When Poisson’s ratio is in the range 0.25–0.5, it implies that the forces present in the compound are central [25]. The anisotropic character was also calculated usingwhere if  = 0, the compound is totally isotropic.

In this case, the calculations indicate that the material is anisotropic since the value is 0.408. This is in good agreement with past studies of compounds in the pnictide family that have also been proved to be anisotropic as in [25]. The bulk, shear, and Young’s moduli values increased upon application of increasing pressure on the compound. For instance, Poisson’s ratio, bulk modulus, shear modulus, and Young’s modulus at a pressure of 1 GPa were 0.36100, 1196.9 GPa, 326.6 GPa, and 889.0 GPa, respectively, showing a progressive increase up to 1 GPa.

The Fermi energy of increasing pressure up to 0.8 GPa was obtained and plotted, and the result is as seen in Figure 2.

Figure 2 indicates that the population of charge carries with respect to density of states increases; hence, more electrons are made available for electrical conductivity, enhancing electrical conductivity in the compound. The Fermi energy also is important in describing the electronic structure properties of a material.

The change in volume of the crystal upon application of pressure was also obtained, and a graph of volume against pressure was plotted as seen in Figure 3.

4. Phonon Dispersion

There are two branches in phonon dispersion relation: the acoustic mode which is the lower mode and the optical mode which is the upper mode [27]. The acoustic mode refers to the in-phase vibration mode while the optical mode refers to the out-of-phase vibration. The optical phonons get their name from the fact that they get excited by the radiation of infrared in crystals that are ionic [28]. There are two types of phonon calculation methods: the frozen phonon method and the Density Functional Perturbation Theory [29, 30] as implemented in PWSCF. Figure 4 shows the phonon dispersion for the iron pnictide from the current study.

In the study of phonons, there exist three modes that are associated with each mode number n [19], taking into account the x, y, and z axes [31]. The number of acoustic modes is usually three for crystals whose number of atoms is equal to or greater than two, and the optical modes are given by 3N-3 [28]. Therefore, given that europium diiron diarsenide has got five atoms, there are 15 modes of vibration expected. As seen in Figure 4, there are 15 vibration modes with twelve being optical modes and three being acoustic modes. The acoustic modes converge at the gamma high symmetry point. Acoustic modes vibrate at a slower frequency and are in the same phase with the unit cell. Optical modes of vibration have a higher frequency compared to acoustic modes and two neighboring atoms vibrate in a direction opposite to each other. In the acoustic mode, the two adjacent atoms will vibrate together in the same direction. Phonon dispersions are computed along a given line of high symmetry points. The above information therefore confirms that the compound is dynamically stable.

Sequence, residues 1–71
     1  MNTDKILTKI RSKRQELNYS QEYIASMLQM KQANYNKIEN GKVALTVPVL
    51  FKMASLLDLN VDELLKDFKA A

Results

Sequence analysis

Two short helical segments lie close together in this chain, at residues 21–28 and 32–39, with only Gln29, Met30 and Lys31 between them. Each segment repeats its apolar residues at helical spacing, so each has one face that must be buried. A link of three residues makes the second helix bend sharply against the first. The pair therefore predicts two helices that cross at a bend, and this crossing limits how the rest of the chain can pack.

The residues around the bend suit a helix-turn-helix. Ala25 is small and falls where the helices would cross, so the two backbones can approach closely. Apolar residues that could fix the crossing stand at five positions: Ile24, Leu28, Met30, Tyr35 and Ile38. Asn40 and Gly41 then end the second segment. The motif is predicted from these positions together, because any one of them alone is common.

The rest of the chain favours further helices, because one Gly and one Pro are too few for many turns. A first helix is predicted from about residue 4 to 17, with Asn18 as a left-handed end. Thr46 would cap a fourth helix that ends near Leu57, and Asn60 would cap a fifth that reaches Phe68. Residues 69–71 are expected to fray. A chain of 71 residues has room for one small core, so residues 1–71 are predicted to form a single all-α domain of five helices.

The phonon density of states was also plotted and it is as shown in Figure 5.

A system is considered to be dynamically stable at equilibrium if the potential energy is always increasing for any combination of displacement of atoms; therefore, phonons should have non-negative and real frequencies for stability [32]. Negative frequencies imply that the potential energy reduces; hence, the system is unstable. Phonon frequencies arise as a result of the displacement of atoms in a given crystal from the rest position, which in turn makes the forces rise [32]. It is important to establish the number of normal modes that are neighboring a certain phonon energy; these details are necessary when studying thermal and electrical conductivity and also establishing the critical temperature of superconducting materials [33]. The Debye temperature is a constant that is associated with the highest allowed mode of vibration [34]. The Debye temperature in this study was 436.454 K and the average Debye sound velocity was 3330.336 m/s. A Debye temperature of above 400 K implies that the crystal’s thermal conductivity is high [35], and since the compound we were studying had a Debye temperature of above 400 K, we concluded that the thermal conductivity is high. Note that, for temperatures that are below the Debye temperature, the heat capacity of the compound rises with the temperature cube and for temperatures above the Debye temperature, the heat capacity of the crystal remains constant; that is to say, it no longer depends on temperature. The Debye temperature and the heat capacity are directly proportional [36].

5. Conclusion

We presented results on the elastic constants and phonon dispersion of the iron pnictide EuFe2As2, studied from first principles. For the first time, we have reported elastic constants and Debye temperature of this iron pnictide. From the study, it can be concluded that the compound is mechanically and dynamically stable. The iron pnictide is ductile and anisotropic. The compound is also a good thermal conductor deduced through its Debye temperature.

Data Availability

All the data in this study are available and can be made available on request with the corresponding author.

Conflicts of Interest

The authors declare that they have no conflicts of interest.


The authors would like to thank the Center for High Performance Computing (CHPC), South Africa, for providing the computational resources which contributed to the success of this study. The authors also recognize the efforts of Dr. George Manyali of Kaimosi Friends University College for the insightful discussion offered.